Idaho had significantly fewer workers earning at or below the minimum hourly wage in 2014, according to recently released data by the Bureau of Labor Statistics.
“The labor market is tightening,” said regional economist Christopher St. Jeor. “As more people find work, it’s limiting the number of applicants available to take those lower paying jobs. It’s forcing those wages up. That’s a good sign for a healthy, growing economy.”
Between 2013 and 2014 the number of Idaho workers who say they earned at or below the federal minimum wage declined from 7.1 percent to 5.1 percent. Fifty-seven percent or 12,000 of the 21,000 Idahoans earning the federal minimum wage or less in 2014 were women. These women represent 5.8 percent of all working women paid hourly in Idaho, compared with 4.4 percent of all men (9,000) with hourly earnings at the minimum wage or less.
Idaho businesses also are reporting higher wages through the Occupational Employment Statistics program. Employers, like Scott Lynch, say they’ve been working to offer higher wages for workers, but worry inflation will minimize their efforts.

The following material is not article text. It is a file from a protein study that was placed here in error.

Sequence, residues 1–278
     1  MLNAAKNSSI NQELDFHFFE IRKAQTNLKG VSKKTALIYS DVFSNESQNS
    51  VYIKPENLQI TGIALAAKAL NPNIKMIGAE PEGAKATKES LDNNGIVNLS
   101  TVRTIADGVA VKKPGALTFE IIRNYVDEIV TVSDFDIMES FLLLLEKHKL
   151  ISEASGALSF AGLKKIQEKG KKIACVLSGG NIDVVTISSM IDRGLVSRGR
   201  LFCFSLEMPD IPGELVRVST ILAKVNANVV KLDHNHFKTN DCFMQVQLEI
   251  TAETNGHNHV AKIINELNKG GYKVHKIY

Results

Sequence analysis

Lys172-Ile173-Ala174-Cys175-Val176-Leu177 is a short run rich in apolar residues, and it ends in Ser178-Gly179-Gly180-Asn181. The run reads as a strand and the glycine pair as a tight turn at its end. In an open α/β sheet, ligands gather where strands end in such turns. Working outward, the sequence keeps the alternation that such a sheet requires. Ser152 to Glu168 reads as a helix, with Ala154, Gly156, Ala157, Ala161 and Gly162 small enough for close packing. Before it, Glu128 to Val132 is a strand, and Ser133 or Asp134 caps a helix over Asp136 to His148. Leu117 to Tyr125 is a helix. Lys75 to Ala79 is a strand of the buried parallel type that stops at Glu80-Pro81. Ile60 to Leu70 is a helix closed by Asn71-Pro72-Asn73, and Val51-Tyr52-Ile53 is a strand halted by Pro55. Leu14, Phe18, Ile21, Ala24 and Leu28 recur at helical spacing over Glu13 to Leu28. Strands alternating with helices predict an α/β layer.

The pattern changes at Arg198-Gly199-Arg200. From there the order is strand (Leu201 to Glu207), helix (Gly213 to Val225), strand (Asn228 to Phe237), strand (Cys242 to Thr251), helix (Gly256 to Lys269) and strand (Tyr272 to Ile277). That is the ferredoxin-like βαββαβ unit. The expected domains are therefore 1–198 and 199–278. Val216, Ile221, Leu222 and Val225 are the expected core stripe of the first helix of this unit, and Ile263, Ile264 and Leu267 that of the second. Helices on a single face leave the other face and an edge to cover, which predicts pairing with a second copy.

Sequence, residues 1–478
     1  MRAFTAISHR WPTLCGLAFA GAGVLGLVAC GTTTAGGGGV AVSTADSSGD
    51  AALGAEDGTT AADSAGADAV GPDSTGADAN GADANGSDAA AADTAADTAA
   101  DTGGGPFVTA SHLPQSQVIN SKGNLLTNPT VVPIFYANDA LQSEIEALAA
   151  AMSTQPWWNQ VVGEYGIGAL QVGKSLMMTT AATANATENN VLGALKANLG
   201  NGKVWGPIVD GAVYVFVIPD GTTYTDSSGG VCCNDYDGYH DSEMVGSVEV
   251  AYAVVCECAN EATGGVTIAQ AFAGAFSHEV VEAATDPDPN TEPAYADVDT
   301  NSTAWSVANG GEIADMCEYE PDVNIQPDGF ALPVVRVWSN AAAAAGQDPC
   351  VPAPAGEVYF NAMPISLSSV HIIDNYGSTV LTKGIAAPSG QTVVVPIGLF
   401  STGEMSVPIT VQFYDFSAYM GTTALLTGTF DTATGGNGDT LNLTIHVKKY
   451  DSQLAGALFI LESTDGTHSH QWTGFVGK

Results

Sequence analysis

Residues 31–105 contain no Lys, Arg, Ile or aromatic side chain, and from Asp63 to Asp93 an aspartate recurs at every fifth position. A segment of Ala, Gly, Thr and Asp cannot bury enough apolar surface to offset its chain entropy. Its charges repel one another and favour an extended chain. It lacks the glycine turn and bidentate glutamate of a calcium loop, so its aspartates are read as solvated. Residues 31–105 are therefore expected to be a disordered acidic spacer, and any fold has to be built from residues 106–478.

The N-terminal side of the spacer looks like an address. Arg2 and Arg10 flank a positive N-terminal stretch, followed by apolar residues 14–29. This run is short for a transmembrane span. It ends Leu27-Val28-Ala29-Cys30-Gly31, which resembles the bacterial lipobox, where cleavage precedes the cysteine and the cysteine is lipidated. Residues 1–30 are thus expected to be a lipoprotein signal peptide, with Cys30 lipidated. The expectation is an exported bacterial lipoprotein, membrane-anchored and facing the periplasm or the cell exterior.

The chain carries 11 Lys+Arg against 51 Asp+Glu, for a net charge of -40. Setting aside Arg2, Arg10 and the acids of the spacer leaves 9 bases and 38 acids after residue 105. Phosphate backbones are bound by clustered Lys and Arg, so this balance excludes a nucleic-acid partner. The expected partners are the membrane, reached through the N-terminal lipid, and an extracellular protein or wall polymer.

“If anyone goes around town and sees how much food is or even just as you’re buying everyday essentials, you’ll notice that they’re expensive and the minimum wage sometimes doesn’t cut it,” Lynch said.
Median wage data collected from Idaho employers by the department show the average hourly wage paid in 2014 was $19.12, up from $18.67 an hour in 2013. Idaho’s overall hourly median wage – where exactly half of Idaho workers make more and the other half make less – is $14.93, up slightly from 2013’s median wage of $14.68.
Detailed wage and employment data for more than 600 occupations in Idaho can be found by state and by region at http://lmi.idaho.gov/oes. This occupational dataset also includes employment levels for occupations across the state. Three of the occupational groupings – office and administrative, sales and food preparation – make up more than a third (35 percent) of all employment in Idaho.